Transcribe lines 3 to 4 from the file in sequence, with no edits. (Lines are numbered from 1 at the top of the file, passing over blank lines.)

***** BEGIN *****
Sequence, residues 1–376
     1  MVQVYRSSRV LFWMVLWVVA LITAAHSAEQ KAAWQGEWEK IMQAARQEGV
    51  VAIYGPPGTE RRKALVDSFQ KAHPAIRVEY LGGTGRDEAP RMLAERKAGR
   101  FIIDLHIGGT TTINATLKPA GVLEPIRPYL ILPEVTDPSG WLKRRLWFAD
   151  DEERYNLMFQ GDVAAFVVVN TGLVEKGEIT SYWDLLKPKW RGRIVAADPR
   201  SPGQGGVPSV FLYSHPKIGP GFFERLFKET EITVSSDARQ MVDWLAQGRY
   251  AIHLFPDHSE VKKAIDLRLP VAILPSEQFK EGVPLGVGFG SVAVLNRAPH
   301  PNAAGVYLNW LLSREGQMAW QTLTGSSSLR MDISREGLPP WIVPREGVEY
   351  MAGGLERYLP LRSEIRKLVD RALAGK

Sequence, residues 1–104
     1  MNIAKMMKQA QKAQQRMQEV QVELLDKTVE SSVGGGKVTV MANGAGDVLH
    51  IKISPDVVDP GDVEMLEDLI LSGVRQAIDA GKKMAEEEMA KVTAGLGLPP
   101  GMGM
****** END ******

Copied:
    51  VAIYGPPGTE RRKALVDSFQ KAHPAIRVEY LGGTGRDEAP RMLAERKAGR
   101  FIIDLHIGGT TTINATLKPA GVLEPIRPYL ILPEVTDPSG WLKRRLWFAD